Large Hospitals Tend To Be Energy-Intensive
Note: Within a building, more than one fuel may be used for a given end use.
Large hospitals consumed 458 trillion British thermal units, about 5.5% of the total delivered energy used by the commercial sector in 2007, a much larger share than their percentage of total commercial floorspace. EIA recently released data from the 2007 Commercial Buildings Energy Consumption Survey (CBECS) that highlights large hospitals' energy-related characteristics for all major fuels: electricity, natural gas, fuel oil, and district heat.
Large hospitals are those over 200,000 square feet. In 2007, there were approximately 3,040 large hospital buildings in the United States, with an average of 640,000 square feet per building.
Based on data from past CBECS, hospitals tend to consume more energy per square foot than other buildings in the commercial sector, such as offices, retail stores, or educational buildings. They are open 24 hours a day; occupied by thousands of employees, patients, and visitors; and often employ sophisticated heating, ventilation, and air conditioning (HVAC) systems to control temperatures and air flow.
In addition, many energy-intensive activities occur in these buildings: laundry, medical and lab equipment use, sterilization, computer and server use, food service, and refrigeration. Not surprisingly, most of these energy-intensive buildings had energy management and conservation plans in place, and used technology and products to save energy.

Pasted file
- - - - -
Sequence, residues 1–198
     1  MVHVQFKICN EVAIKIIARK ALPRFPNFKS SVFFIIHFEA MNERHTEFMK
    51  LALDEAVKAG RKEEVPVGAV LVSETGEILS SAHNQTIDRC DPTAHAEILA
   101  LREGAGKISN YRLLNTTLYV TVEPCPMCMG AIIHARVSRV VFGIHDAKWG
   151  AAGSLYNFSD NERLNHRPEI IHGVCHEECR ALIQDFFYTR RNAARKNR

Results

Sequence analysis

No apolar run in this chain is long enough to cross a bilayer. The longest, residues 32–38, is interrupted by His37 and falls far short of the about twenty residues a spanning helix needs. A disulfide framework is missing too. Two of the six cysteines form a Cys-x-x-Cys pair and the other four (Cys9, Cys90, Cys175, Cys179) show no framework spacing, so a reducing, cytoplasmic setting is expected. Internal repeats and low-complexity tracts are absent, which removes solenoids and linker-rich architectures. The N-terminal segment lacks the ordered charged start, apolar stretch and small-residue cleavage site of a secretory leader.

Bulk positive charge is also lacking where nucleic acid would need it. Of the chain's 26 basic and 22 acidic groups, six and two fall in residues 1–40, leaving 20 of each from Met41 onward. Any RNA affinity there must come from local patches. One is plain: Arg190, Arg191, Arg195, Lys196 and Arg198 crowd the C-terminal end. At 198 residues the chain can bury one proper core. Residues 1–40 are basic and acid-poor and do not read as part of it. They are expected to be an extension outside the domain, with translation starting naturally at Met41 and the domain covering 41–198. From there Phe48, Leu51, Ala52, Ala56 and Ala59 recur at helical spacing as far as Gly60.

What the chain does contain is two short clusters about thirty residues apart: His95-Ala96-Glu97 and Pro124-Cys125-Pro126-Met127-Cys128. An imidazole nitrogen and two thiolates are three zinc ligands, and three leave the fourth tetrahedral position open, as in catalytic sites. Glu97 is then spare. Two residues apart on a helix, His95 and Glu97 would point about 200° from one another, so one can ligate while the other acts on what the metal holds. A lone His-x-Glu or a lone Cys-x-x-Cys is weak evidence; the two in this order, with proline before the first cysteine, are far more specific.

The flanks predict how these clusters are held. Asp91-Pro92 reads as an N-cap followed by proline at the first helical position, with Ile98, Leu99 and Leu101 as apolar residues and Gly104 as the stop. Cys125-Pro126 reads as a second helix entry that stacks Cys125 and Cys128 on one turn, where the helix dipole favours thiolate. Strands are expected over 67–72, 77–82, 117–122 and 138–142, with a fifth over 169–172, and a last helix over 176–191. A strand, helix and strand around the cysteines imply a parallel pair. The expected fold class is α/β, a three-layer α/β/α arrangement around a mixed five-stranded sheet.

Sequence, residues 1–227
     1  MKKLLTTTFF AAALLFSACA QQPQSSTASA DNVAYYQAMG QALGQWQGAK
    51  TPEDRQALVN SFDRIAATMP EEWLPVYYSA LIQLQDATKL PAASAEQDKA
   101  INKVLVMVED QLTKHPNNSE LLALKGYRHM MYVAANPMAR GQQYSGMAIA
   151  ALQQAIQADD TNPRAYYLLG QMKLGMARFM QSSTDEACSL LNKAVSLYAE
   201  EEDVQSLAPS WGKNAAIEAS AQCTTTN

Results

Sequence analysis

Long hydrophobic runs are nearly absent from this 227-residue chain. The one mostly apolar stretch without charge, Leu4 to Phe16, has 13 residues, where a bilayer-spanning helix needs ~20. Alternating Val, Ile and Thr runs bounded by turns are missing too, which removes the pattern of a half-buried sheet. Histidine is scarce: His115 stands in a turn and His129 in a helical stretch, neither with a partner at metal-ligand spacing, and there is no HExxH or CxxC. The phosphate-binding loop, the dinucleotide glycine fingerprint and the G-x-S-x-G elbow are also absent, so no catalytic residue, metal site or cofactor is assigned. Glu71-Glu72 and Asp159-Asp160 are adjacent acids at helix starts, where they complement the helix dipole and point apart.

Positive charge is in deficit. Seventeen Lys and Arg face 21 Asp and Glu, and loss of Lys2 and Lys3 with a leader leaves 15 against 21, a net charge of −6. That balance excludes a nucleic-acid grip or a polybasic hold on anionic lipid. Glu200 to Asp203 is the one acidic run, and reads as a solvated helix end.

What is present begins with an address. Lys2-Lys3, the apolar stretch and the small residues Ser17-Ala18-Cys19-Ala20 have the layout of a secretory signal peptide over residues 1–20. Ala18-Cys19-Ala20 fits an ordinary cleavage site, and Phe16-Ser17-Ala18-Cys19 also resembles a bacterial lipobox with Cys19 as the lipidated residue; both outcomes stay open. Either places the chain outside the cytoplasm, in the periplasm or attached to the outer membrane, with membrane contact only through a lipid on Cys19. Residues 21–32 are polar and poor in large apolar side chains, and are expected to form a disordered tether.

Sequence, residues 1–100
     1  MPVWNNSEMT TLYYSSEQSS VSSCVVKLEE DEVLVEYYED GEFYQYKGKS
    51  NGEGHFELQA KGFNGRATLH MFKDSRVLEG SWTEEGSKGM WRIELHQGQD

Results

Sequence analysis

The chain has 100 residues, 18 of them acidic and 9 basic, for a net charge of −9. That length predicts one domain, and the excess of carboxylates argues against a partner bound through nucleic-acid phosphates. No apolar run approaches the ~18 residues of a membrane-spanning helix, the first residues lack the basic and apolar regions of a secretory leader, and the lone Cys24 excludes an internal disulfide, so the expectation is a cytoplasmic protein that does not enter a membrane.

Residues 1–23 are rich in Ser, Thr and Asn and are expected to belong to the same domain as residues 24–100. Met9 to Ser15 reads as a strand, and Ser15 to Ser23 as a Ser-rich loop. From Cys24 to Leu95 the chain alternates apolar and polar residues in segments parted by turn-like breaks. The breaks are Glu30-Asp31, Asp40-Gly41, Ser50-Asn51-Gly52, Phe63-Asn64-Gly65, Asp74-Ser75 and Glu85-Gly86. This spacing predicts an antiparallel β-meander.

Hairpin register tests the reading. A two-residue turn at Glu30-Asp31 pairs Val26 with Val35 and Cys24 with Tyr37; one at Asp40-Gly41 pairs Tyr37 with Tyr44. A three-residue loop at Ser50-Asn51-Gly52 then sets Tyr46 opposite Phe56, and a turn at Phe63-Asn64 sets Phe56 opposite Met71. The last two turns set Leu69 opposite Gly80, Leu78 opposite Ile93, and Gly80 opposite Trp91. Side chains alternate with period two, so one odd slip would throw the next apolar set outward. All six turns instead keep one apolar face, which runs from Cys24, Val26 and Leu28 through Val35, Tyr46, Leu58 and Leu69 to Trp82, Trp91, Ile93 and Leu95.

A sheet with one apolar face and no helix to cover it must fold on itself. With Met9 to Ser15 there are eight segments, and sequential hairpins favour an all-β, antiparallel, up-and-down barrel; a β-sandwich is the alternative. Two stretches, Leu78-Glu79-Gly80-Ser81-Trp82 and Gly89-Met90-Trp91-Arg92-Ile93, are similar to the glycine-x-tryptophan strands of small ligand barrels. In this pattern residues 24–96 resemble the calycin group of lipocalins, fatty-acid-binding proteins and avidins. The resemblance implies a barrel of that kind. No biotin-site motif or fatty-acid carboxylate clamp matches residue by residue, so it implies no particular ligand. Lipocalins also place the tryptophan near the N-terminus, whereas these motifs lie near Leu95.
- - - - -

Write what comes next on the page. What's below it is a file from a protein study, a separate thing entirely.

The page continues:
As shown in the graph above, natural gas was the most common main space heating fuel, used by 74% of the buildings, followed by district heat, or steam or hot water from an outside source, which was the main heating source for 20% of large hospitals. All hospital buildings had cooling (air conditioning) and almost all, 92%, used electricity to power cooling equipment.
Water heating was also used in all hospital buildings and had fuel-use percentages similar to space heating: 74% natural gas and 19% district heat. Cooking was reported in 95% of the hospital buildings, with natural gas and electricity the most common cooking fuels. Because of their need for a secure reliable source of electricity, almost all large hospitals (95%) used energy for generating electricity, primarily for emergency back-up generation. Fuel oil was by far the most common fuel used for this purpose.
For the first time in its 30-year history, the CBECS also collected data on water use. Large hospital buildings in the United States consumed an estimated 133 billion gallons of water in 2007, totaling $615 million in water expenditures, with an average of 43.6 million gallons and $202,200 per building.